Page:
The museum’s second section, located on all three of the museum’s floors, focuses on modern animals. Here, a mixture of live and taxidermied animals showcase some of the many animals that you can still see in the wild in various parts of the world.
Many people are attracted to the dioramas depicting animals in various natural-looking scenes. While it might not have the appeal of seeing the real animals in a zoo, the ability to see a natural-looking scene and the animals up close adds an interesting element that you typically can’t get in a zoo. The dioramas in the museum range from well-known North American animals, to exotic animals from Asia and Africa. Despite most of these dioramas being designed in the 1930s and 1940s, they’ve held up surprisingly well to modern style.
Not all of the modern animals at the museum are dead, however. The second floor of the Academy of Natural Sciences features an indoor, year-round butterfly garden. This room is kept hot and humid to ensure the survival of the up to 100 butterflies that flutter through the garden on a daily basis. Visitors can not only see live butterflies, but can also see the cocoons of caterpillars as they turn into butterflies.
On the museum’s third floor is an interactive area known as Outside In. While it is designed for kids, the ability to see animals up close makes this an interesting stop for adults as well. Here, small animals such as turtles, spiders, and snakes live in cages, and, from time to time, are taken out of their cages for closer examination.
The third part of the Academy of Natural Sciences is their large research library. The library features more than 250,000 works from the 1500s until the present and is one of the best natural science research libraries in the country.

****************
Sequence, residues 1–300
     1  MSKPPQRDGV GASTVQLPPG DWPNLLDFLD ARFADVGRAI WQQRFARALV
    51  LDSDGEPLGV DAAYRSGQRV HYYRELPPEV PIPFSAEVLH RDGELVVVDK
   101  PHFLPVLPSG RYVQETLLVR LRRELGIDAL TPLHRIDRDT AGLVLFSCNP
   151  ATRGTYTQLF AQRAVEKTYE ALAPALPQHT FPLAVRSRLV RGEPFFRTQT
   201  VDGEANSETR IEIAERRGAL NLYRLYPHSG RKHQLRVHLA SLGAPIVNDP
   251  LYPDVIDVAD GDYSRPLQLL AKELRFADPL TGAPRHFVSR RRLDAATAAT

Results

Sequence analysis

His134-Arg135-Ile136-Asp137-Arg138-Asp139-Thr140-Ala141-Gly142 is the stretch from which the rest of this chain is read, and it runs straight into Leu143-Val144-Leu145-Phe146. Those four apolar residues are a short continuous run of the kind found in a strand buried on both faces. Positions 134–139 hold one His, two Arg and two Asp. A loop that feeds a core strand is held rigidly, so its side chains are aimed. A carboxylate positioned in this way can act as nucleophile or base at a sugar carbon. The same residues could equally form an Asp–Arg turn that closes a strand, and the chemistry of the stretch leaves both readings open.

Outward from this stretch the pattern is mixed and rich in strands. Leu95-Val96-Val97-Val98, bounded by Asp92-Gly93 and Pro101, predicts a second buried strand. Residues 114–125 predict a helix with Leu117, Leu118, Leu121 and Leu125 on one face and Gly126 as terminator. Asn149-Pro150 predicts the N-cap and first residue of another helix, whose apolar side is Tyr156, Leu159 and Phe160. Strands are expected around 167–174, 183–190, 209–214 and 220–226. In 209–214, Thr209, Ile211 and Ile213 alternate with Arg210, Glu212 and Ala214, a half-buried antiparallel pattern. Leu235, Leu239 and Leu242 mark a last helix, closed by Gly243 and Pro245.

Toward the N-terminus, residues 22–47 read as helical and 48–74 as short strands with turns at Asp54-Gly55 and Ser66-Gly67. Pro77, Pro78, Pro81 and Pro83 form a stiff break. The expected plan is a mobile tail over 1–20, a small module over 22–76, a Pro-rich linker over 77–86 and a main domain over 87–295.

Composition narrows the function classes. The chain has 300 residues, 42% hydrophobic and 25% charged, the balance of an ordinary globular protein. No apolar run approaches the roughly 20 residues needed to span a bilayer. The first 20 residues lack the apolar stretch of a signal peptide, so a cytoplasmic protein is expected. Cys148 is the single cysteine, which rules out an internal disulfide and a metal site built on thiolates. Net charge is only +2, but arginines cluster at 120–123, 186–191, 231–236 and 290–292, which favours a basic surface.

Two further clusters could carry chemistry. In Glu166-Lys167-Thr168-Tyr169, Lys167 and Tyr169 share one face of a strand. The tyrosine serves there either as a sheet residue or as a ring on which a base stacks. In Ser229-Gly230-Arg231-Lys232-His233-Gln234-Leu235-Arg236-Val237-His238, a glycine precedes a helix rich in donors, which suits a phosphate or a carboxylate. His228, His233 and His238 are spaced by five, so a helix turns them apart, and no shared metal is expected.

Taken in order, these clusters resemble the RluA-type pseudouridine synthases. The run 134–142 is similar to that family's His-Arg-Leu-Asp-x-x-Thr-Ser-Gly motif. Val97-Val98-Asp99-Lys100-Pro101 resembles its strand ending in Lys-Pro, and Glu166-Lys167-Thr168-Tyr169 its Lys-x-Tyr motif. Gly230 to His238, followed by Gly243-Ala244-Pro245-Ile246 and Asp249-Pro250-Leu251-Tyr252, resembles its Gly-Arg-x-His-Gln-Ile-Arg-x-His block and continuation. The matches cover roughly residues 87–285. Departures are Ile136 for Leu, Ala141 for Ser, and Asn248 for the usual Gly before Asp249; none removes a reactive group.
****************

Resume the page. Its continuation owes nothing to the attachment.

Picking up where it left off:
While much of the library might not interest the casual visitor to the museum, stopping by for the 3pm Audubon Page Turning is a must. This large and rare book, known as “The Birds of America” measures 39 inches by 26 inches and features life-size illustrations by the famed ornithologist made between 1827 and 1838. Each day, a new page is turned and a staff member is on hand to discuss the new bird featured in the book. Should you not be able to make it for the page turning, a stop in the library to see this book is still a highlight of any trip to the Academy.
Overall, I’d highly recommend a visit to the Academy of Natural Sciences of Drexel University to any animal or science lover visiting Philly. The museum’s amazing collection and history of scientific study and exploration make this one of the most special museums in the city and it’s certainly one of the best things to do with kids in Philadelphia.
If possible, I’d recommend visiting on a weekday, as opposed to a weekend. Not only are the crowds lighter, but some of their activities, such as the Audubon Page Turning and live animal shows, are only offered during the week. However, even if you can only visit on the weekend, make sure to add a stop at the Academy of Natural Sciences to your Philadelphia to-do list.
Note: My visit to the Academy of Natural Sciences of Drexel University was hosted by the museum. However, the opinions expressed are my own.
Academy of Natural Sciences
Hours: Monday-Friday: 10a-4:30p
Cost: Adults: $17.95, Children: $13.95
Address: 1900 Benjamin Franklin Parkway